We came a little late to this research, but as meteorological autumn begins, and the nights start drawing in, we thought it was a good time to cast off any gloom at the imminent end of the British summer and highlight how wonderful autumn is, and how good it can be for your health.
In 2014 The National Trust undertook some research that showed how a walk in the colours of autumn can lift the mood, even as the health giving properties of the light fade.
The National Trust found that more than eight out of 10 (84%) people felt that bright autumn walks made them feel happier, healthier and calmer. About 70% of those surveyed felt a lowering of their mood as the days shorten but almost 50% admitted that they did not get out in the fresh air often enough
It is not just a matter of filling your lungs, however. Colour psychologist Angela Wright is quoted as saying:
“Natural colour schemes can inspire us and lift our spirits. Autumn, combined with the rich light at this time of year, is a flamboyant blaze of intense colours with each affecting us in a different way……Fresh air, exercise and the sense of getting away from it all play a positive role in improving our well-being. However it’s the colours that we experience which are the most powerful tonic to affecting our mood.”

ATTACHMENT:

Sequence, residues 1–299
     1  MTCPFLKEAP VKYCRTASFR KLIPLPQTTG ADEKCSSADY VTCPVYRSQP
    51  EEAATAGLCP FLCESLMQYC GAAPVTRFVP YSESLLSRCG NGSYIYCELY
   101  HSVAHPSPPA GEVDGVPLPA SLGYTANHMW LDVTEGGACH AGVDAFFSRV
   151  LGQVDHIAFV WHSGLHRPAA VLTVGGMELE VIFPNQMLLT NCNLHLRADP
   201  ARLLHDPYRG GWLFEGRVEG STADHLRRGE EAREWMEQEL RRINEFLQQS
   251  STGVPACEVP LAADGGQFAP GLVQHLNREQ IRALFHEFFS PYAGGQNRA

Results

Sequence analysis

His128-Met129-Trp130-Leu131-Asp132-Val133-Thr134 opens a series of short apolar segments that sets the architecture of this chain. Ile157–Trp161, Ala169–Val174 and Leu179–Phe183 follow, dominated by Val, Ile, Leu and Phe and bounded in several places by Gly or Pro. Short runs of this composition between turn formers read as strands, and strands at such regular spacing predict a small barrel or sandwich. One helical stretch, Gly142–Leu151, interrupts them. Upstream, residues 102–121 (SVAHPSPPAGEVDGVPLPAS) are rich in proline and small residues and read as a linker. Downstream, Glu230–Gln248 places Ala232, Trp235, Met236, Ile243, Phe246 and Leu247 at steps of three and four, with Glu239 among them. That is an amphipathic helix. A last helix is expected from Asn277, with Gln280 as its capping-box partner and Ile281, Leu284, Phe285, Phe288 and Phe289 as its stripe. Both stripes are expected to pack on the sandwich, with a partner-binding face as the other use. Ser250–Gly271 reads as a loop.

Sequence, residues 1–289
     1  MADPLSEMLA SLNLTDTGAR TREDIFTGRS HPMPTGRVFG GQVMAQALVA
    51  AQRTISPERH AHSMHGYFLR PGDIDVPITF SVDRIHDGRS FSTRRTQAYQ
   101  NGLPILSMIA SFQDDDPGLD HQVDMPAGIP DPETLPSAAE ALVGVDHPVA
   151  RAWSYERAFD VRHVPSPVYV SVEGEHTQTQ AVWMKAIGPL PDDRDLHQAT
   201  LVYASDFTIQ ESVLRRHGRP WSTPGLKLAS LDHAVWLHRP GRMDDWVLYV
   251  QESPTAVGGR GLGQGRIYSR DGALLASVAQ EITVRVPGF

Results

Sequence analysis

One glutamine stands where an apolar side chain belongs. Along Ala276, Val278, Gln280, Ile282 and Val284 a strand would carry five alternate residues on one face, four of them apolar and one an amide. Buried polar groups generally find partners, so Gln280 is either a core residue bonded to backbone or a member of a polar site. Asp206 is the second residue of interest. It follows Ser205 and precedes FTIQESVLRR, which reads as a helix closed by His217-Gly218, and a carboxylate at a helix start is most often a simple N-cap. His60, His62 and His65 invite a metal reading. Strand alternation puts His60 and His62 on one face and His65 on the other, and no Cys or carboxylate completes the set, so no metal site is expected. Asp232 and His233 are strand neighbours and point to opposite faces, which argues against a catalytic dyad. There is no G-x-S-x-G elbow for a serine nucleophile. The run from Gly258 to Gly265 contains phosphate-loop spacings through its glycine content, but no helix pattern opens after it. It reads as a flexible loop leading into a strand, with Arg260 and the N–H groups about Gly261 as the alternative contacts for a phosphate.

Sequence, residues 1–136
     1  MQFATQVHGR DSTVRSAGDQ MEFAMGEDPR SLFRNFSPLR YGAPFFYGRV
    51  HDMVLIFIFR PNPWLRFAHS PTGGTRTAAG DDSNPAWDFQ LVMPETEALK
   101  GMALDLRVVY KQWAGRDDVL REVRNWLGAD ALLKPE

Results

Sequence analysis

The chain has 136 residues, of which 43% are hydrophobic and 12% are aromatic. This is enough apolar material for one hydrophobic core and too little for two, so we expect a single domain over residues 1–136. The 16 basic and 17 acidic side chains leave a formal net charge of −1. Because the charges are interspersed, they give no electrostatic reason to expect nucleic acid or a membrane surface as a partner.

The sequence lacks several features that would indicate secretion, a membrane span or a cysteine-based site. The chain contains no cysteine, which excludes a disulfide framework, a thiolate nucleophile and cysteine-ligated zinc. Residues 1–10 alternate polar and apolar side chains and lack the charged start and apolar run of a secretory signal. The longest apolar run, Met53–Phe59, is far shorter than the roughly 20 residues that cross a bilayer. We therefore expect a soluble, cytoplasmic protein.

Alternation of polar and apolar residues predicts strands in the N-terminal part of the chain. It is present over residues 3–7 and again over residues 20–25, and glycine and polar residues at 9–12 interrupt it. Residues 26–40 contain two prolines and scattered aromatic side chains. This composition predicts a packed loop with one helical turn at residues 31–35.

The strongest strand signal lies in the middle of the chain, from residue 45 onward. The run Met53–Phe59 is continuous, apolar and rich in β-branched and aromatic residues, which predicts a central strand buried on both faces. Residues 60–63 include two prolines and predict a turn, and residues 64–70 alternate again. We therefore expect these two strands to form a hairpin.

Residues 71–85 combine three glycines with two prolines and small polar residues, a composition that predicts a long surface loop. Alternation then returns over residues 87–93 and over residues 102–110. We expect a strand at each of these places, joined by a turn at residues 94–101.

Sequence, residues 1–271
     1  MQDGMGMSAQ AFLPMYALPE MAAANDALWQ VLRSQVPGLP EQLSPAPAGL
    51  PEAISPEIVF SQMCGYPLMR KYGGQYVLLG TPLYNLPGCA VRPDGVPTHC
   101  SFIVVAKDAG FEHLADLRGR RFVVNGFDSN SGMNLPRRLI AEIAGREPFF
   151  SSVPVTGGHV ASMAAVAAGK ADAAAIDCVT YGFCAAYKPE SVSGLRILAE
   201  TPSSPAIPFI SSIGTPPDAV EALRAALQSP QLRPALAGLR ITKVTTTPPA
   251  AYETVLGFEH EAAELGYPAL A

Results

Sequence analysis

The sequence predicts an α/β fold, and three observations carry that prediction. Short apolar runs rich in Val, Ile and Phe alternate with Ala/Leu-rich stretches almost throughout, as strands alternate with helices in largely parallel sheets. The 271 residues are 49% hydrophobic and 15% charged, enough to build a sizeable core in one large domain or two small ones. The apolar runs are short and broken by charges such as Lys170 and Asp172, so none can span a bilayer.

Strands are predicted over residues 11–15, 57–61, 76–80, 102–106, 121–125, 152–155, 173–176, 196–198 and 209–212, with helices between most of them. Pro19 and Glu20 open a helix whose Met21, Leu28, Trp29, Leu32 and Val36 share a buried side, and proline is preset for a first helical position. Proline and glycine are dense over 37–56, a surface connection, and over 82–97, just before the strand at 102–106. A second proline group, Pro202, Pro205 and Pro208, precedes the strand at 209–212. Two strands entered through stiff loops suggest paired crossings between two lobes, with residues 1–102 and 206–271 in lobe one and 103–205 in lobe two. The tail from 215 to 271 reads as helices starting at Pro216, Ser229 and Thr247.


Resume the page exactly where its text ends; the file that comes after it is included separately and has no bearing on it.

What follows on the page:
Autumn is a time for reflection and taking stock and for many seems melancholy, heralding endings. Children dread the end of summer holidays and head back to a new school year and parents have to get used to packing young adults off to University. But it is also a time of great bounty as many enjoy a harvest festival and the hedgerows fill with nuts and berries, stored by wildlife to see them over the coming winter.
The Trust drew up a list of some of the best places to experience the full range of autumn colours- those delicious reds and oranges through to exotic purples and deep evergreens. None of the suggestions, from Snowdonia to Wicken Fen in Cambridgeshire are close to Somerset, so we were curious to know whether there is a favourite local walk you like to take as the leaves turn. We are, after all, in a county with a wide variety of landscapes. One of our favourites is the Red Walk Trail in the Great Wood at Ramscombe in the Quantock Hills, where ancient oak jostle with spruce and fir and you can, if you are lucky, spot the occasional deer….
So on those beautiful, misty mornings over the Somerset Levels or on a cool, sunny Sunday afternoon, where do you head to kick over the traces and breathe in that distinctive musty autumn smell?